3. In combination with a fence having posts in predetermined spaced apart relation to each other, the combination of a grass curb or barrier comprising a strip of flexible sheet material, coextensive with the length of the fence, arranged on the ground along the fence line, below the fence, the material of the strip being arched transversely intermediate its longitudinal edges and being characterized by its inherent spring tension, the material of the strip being relatively wider than the fence and extending beyond opposite sides thereof, and a cover plate of like material overlying the strip at its juncture with each of the posts, the cover plate having an opening therein fitting closely around the post and having means engageable with the post to prevent displacement of the plate relative to the post, and having other means engageable under the longitudinal edges of the strip to prevent displacement of the plate relative to the strip.

4. In combination with a fence having posts in predetermined spaced apart relation to each other, the combination of a grass curb or barrier comprising a strip of flexible sheet material, coextensive with the length of the fence, arranged on the ground along the fence line, below the fence, the material of the strip being arched transversely intermediate its longitudinal edges and being characterized by its inherent spring tension, the material of the strip being relatively wider than the fence and extending beyond opposite sides thereof, and having openings therein surrounding the fence posts, and a cover plate of like material overlying the strip at its juncture with each of the posts, the cover plate having an opening therein fitting closely around the post and having means engageable With the post to prevent displacement of the plate relative to the post, and having other means engageable with the strip to prevent displacement of the plate relative to the strip.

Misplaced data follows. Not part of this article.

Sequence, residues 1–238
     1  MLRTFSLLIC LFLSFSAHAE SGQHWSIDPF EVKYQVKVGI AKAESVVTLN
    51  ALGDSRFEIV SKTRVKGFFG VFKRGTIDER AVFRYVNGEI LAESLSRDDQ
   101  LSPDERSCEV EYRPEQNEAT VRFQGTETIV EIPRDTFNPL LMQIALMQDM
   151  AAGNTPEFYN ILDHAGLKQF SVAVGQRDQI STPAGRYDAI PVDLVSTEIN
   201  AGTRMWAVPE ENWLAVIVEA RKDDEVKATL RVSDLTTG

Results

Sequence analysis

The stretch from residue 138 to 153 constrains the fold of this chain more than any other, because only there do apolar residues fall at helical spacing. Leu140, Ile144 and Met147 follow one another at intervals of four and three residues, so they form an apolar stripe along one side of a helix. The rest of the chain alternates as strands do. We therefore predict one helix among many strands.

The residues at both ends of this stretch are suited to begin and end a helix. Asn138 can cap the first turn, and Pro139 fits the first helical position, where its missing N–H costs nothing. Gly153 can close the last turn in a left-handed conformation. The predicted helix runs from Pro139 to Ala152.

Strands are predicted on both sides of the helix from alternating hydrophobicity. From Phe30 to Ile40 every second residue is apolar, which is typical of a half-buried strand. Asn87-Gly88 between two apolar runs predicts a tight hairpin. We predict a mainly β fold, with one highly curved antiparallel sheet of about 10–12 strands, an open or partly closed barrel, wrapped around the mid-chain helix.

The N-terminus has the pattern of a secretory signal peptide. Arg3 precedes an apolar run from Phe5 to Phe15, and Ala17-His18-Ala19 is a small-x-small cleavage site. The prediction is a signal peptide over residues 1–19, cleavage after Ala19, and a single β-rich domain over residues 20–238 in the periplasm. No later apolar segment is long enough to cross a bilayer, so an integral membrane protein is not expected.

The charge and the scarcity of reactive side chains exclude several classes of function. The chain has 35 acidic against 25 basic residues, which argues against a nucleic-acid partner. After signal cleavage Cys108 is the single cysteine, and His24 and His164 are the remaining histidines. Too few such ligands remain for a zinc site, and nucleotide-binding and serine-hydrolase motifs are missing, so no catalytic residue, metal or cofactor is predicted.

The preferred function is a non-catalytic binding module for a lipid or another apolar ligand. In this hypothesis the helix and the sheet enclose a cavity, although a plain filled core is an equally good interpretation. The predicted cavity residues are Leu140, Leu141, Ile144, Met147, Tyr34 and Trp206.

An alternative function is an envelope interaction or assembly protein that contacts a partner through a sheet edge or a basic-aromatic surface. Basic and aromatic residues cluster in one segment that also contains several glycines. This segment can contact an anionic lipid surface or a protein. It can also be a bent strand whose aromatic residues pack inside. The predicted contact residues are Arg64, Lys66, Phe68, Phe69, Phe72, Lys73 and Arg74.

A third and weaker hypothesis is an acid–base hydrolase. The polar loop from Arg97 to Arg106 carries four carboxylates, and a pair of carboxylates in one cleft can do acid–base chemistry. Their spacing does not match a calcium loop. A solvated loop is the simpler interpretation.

5. In combination with a fence having posts in predetermined spaced apart relation to each other, the combination of a grass curb or barrier comprising a strip of flexible sheet material, coextensive with the length of the fence, arranged on the ground along the fence line, below the fence, the material of the strip being arched transversely intermediate its longitudinal edges and being characterized by its inherent spring tension, the material of the strip being relatively wider than the fence and extending beyond opposite sides thereof, and a cover plate of like material overlying the strip at its juncture with each of the posts, the cover plate having means engageable with the post to prevent displacement of the plate relative to the post.

References Cited UNITED STATES PATENTS 379,688 3/1888 Dennis 287-20.92 X 1,139,515 5/1915 Haas 52-102 1,195,697 8/1916 Lord 52-102 2,017,210 10/1935 Kirsch 287-20.92 X 2,826,393 3/1958 Miller 256-19 2,978,837 4/1961 Daniels 47-25 DAVID J. WILLIAMOWSKY, Primary Examiner.